Go Ahead. Eat It.

I grew up wishing that, on the side of the family I was being raised in (mostly), there were more of us somewhere near my age. It was mom & me, followed by my stepdad, a long-term visiting friend of mom, a cat and a three legged dog. Conversations were not really geared towards anyone under 30. As such, my mind was filled with opinions on Jimmy Buffet and the still ever-present threat of communism in our country circa 1982. About as wild as we got was one holiday weekend in 1984, when I was allowed exactly one sip of my stepdad’s Dos Equis beer and promptly fell off the edge of a dumpster, hit my head and was thus lectured on the dangers of alcohol. Good times.

My mother, bless her Episcopalian suburban white-lady heart, had me decked out in the  ultimate Young Republican attire each Sunday and every single holiday on the Anglo-Saxon calendar. It varied a little, but the basic gist was this: tan pants, blue blazer, white shirt, red tie, Penny-Loafers (too young for tassels, but just right with actual pennies) and hair parted in in such a way so as to suggest I might engage in a conversation on emerging markets in Japan at any moment. Rebellion came in the form of skinning an entire turkey and eating it, moments before dinner was announced to several pedigreed guests who were busy discussing the Edmund Fitzgerald and furiously smoking like freight trains in our living room. The grease smears across my crooked mug and starched shirt were enough to make some people question my credentials as a Mayflower Descendant Society Member. It was my proudest moment and one I’ve never been able to duplicate.

When you’re a kid with more imagination than brains and people around you are relatively one step away from the bone yard, you begin to create scenarios that amuse no one but you. Thus began The Crane. The Crane was a method I devised for scooping mashed potatoes and peas into my scatter-toothed mouth that would take me away from the stifling world of adults. I began to imagine I was dredging our local harbor with each scoop, and would hold multiple-sided conversations between The Crane operator and the disgruntled Longshoremen who were not on board with such unorthodox techniques. As The Crane Operator and dictator of the scenarios, I would callously fling yams to one side, crushing the occupants of Mint Jelly Town, thereby igniting riots. My mind scattered over the chaos, and mostly there was yelling. Unfortunately for anyone at the table, this scenario did not simply take place within the confines of my mind; the dialogue was made for all to hear, much to the horror of the guests at the table, as they were apt to be casualties in the upcoming dinner plate revolution I was plotting. I might’ve been wearing Penny Loafers, but my heart was cloaked in anarchy and blood. The Crane excited our three-legged dog greatly, since there was a good chance that, as collateral damage from my dredging techniques, she’d score some asparagus that had been flung off the plate in the name of efficiency and crappy taste.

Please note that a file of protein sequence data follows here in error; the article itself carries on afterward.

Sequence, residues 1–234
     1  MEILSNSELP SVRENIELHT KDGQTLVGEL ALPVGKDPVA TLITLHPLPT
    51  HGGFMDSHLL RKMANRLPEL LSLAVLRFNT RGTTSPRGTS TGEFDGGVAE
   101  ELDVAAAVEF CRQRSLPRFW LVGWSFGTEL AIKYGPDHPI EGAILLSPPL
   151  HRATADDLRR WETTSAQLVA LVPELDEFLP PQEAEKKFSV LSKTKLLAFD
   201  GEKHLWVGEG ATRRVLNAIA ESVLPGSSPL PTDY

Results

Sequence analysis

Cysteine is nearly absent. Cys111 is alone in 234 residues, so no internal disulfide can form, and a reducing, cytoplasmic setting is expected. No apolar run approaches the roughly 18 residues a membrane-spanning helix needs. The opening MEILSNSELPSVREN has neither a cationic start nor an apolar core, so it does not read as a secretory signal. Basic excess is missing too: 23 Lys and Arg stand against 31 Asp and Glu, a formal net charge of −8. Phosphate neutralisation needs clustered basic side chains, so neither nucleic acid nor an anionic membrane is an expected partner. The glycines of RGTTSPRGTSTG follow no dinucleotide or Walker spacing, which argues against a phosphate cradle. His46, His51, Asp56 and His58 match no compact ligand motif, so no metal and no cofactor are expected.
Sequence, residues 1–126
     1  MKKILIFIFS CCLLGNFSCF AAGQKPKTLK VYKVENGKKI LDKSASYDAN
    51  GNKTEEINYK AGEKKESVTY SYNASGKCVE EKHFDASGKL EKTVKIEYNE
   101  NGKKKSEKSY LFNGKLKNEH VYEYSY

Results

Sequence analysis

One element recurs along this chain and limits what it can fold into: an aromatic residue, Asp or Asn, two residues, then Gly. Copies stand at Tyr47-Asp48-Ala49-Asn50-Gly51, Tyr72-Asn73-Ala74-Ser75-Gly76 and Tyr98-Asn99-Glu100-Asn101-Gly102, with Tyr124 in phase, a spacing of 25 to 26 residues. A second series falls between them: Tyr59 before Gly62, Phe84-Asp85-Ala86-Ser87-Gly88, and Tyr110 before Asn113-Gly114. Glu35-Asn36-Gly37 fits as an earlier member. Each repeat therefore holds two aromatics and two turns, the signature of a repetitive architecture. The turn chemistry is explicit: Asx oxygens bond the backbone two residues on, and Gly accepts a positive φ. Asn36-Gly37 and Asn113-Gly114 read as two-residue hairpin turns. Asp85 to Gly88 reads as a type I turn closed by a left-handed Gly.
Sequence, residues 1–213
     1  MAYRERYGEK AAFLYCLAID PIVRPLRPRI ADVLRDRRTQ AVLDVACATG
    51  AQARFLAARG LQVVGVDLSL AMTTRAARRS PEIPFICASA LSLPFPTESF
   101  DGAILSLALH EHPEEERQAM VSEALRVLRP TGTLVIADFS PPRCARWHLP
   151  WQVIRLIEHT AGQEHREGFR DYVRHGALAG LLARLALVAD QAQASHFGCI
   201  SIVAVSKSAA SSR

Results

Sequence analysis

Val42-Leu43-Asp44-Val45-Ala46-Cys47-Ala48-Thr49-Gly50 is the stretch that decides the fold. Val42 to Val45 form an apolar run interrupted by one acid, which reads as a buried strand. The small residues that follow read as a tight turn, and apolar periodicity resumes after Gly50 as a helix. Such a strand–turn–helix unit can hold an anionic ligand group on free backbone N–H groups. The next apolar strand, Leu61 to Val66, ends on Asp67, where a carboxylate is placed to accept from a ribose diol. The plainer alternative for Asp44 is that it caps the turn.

We didn’t fight. We didn’t watch football. We didn’t scream obscenities at family members we only saw once a year, and we most certainly did not put our elbows on the table. In fact “we” didn’t do a whole lot, except consume a meticulously prepared meal while silently hedging bets as to who would first spill something on the tablecloth and thereby incur the silent wrath of my mother, who would immediately light up a Virginia Slim in protest.

And although she no longer smokes, and 3o years have passed, whenever I go home and there is a lull in the conversation at dinner, I audibly fire up The Crane, scoop up a load of mashed potatoes and immediately begin an argument between an invisible laborer and me, The Operator, King Of The Dining Room Table. Mom snorts some wine out her nose, not noticing that dollop of jelly my step-dad has let slip on to the fine linen. And a newer,  four legged dog patiently waits for the aftermath, knowing she’ll soon be rewarded.

I’m thankful for every moment of it.